Activision Blizzard refuses to recognize labor union at Raven Software

This is a screenshot from Warzone

Recently, many reports have surfaced that accuse Activision Blizzard of fostering a culture of toxic working conditions and sexual harassment. When a dozen quality assurance (QA) workers were denied contracts at Raven Software — one of the teams behind Call of Duty: Warzone — several dozen workers went on strike in protest.

In an effort to feel secure about their positions, the QA workers have been trying to form a union with the Communication Workers of America (CWA) at Raven Software. However, the prospective union says that parent company Activision Blizzard hasn't been cooperating and is using "surveillance and intimidation tactics" to destroy the initiative.

Activision Blizzard claimed that it was pondering whether it should recognize the union, but last night, decided against it. The company issued the following statement to the press.

At Activision Blizzard, we deeply respect the rights of all employees to make their own decisions about whether or not to join a union. We carefully reviewed and considered the CWA initial request last week and tried to find a mutually acceptable solution with the CWA that would have led to an expedited election process. Unfortunately, the parties could not reach an agreement.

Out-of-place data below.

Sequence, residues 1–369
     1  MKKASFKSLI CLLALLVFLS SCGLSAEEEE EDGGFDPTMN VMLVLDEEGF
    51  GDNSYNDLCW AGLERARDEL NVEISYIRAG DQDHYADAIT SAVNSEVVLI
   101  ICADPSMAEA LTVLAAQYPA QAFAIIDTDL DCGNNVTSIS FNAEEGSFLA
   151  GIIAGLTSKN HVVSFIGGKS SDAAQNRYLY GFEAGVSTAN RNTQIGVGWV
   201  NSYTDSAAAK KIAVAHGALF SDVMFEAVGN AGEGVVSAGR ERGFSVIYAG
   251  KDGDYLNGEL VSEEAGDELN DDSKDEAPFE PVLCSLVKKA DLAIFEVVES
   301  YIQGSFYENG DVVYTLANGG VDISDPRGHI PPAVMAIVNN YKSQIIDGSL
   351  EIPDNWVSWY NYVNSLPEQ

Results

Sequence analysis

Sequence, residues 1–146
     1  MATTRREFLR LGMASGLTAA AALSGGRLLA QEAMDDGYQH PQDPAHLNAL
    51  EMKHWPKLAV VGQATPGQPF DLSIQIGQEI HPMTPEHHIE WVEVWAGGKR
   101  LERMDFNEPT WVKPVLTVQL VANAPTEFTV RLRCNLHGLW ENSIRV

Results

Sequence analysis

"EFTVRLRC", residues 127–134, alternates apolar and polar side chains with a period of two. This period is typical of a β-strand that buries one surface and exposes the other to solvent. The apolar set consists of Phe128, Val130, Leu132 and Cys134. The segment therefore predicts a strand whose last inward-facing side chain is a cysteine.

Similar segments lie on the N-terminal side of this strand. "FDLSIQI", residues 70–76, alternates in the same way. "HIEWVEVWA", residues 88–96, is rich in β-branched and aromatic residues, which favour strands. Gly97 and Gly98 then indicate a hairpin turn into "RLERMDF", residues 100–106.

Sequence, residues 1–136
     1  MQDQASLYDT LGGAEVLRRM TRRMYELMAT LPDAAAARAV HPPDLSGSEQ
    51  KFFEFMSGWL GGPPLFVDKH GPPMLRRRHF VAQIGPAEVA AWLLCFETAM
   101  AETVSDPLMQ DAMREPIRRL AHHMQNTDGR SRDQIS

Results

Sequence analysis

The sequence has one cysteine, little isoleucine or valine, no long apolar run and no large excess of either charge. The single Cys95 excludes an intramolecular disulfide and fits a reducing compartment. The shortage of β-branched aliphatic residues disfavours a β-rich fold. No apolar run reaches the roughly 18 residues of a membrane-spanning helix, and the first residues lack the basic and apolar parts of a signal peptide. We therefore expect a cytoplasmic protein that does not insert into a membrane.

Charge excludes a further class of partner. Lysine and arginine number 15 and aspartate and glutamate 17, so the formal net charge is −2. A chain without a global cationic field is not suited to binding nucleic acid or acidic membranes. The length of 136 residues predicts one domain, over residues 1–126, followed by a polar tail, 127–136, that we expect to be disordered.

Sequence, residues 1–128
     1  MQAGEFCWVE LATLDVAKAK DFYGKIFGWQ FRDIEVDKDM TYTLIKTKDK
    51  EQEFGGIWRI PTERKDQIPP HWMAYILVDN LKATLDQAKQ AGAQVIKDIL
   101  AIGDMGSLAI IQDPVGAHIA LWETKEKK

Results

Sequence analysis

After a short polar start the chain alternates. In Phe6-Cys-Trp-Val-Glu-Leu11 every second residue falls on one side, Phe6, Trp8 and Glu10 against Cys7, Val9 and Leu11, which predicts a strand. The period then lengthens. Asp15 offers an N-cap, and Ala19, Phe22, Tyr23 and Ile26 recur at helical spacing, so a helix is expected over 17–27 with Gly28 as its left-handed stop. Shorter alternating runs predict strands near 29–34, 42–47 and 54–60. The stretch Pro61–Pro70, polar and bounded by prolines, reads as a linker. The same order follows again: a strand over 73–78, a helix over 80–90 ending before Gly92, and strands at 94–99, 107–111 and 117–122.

This means that the United States government's National Labor Relations Board (NLRB) will probably get involved. The QA workers will have to go through the NLRB to set up their union. However, Activision Blizzard seems to be prepared for that and boasted about the changes it's made over the years.

We expect that the union will be moving forward with the filing of a petition to the NLRB for an election. If filed, the company will respond formally to that petition promptly ... As a result of ... direct relationships, we've made a number of changes over the past couple years including raising minimum compensation for Raven QA employees ... extending paid time off, expanding access to medical benefits ... and transitioning ... temporary Raven QA staff into full-time employees.

While these changes look great on paper, more needs to be done. There's still a substantial divide between the bonuses — worth millions of dollars — Activision Blizzard boss Bobby Kotick gets compared to the average QA employee trying to support themselves and their families.

Hopefully, the QA workers will be able to form a labor union and it'll help them feel more secure in their roles within Activision Blizzard. It'll be interesting to see how Microsoft reacts since it's acquiring the company for a staggering $68.7 billion. Will it be in favor of this union or will that be another confrontation? Only time will tell. The deal is expected to go through sometime in late 2022 or early 2023.

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